Indiana Jones and the Dial of Destiny (United States, 2023)June 27, 2023
Raiders of the Lost Ark was a nearly perfect action movie – upon its release in the early 1980s, it redefined the genre for decades to come. It also provided a trap for co-creators Steven Spielberg and George Lucas, forcing them to repeatedly try (and fail) to recapture what they harnessed in the first installment. The character of Indiana Jones, as played by Harrison Ford, has proven to be durable but a case could be made that the filmmakers should have stopped after that first, great outing. The Dial of Destiny, the fifth and final Indiana Jones film, illustrates the impossibility of reformulating the alchemy that the Lucas/Spielberg 1981 pairing unearthed. Although neither Lucas nor Spielberg is materially involved (both are given honorary Executive Producer credits), the rhythms are much the same under the auspices of director James Mangold as they were in The Kingdom of the Crystal Skull. The Dial of Destiny is too long (with a running time of about 150 minutes) and unevenly paced. It’s a better written movie than its immediate predecessor but suffers from the difficulty of presenting a septuagenarian man as a viable action hero. In this case, it’s both the years and the mileage.
The best part of The Dial of Destiny is the opening prologue. Set in the waning days of World War II (1945), it features a de-aged Harrison Ford alongside Toby Jones as Professor Basil Shaw – two adventuring archeologists trying to liberate priceless artifacts from the Nazis. One of those items, Archimedes’ dial, comes into their possession after a struggle with Jurgen Voller (Mads Mikkelsen), who is obsessed with its potential power. This sequence, which lasts about 20 minutes and transpires mostly inside and on top of a moving train, highlights the advancements made in digitally altering the facial appearance of an actor. By using Ford in close-ups and a stunt double for action sequences, Mangold is able to turn back the clock. This looks like something Spielberg might have filmed in 1990 and hidden away in a vault. Alas, for the rest of the movie, Indy is a lot older (and looks it).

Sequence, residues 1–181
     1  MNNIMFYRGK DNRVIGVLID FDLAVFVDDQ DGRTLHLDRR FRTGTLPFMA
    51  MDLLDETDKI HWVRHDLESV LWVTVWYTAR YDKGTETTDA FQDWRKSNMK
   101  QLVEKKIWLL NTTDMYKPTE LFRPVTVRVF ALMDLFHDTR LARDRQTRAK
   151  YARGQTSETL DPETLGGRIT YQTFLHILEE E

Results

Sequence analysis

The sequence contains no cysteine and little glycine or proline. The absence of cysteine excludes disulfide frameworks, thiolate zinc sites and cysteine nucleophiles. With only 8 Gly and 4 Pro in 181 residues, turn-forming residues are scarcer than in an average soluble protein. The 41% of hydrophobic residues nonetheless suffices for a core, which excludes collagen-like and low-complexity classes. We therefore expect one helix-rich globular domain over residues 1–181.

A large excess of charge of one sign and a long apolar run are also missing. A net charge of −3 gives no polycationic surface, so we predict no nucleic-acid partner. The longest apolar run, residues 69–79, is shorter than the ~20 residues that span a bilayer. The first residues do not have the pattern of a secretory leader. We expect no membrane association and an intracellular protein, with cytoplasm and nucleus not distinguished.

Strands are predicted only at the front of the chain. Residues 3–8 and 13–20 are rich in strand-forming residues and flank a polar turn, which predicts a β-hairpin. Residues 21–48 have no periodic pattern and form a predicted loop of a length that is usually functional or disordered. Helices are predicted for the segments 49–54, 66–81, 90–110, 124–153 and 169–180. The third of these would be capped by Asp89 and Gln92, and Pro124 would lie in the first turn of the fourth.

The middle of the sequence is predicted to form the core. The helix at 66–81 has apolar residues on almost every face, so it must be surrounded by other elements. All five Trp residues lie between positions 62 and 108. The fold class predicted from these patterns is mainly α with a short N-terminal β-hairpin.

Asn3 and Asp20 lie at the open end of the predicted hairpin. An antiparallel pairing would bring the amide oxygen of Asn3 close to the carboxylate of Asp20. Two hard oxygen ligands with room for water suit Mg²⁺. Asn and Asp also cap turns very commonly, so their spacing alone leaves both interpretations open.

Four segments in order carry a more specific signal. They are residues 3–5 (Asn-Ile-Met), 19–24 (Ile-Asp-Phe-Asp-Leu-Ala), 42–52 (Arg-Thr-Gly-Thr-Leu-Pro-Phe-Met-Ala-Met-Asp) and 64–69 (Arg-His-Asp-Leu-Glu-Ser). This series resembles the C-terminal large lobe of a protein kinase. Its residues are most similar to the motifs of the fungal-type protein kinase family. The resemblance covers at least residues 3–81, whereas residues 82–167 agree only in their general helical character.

Not to be ageist, but I’m not overly fond of action heroes who are old enough to collect Social Security. The plot is “classic” Indy but the character’s age makes it almost sad to watch Ford go through the motions. The majority of the film transpires in 1969 (the Manhattan ticker tape parade honoring the Apollo 11 astronauts is featured). Indy is retiring as a professor and, on one of the last days of classes, he is reunited with his goddaughter, Helena “Wombat” Shaw (Phoebe Waller-Bridge), Basil’s daughter. Their interactions result in one last adventure for Indy, who again dons the fedora and cracks the whip as he travels in search of the other half of Archimedes’ dial with Voller one step behind the entire way. The myth is that anyone who possesses both halves of the dial and uses it correctly can slip into the past through a fissure in time.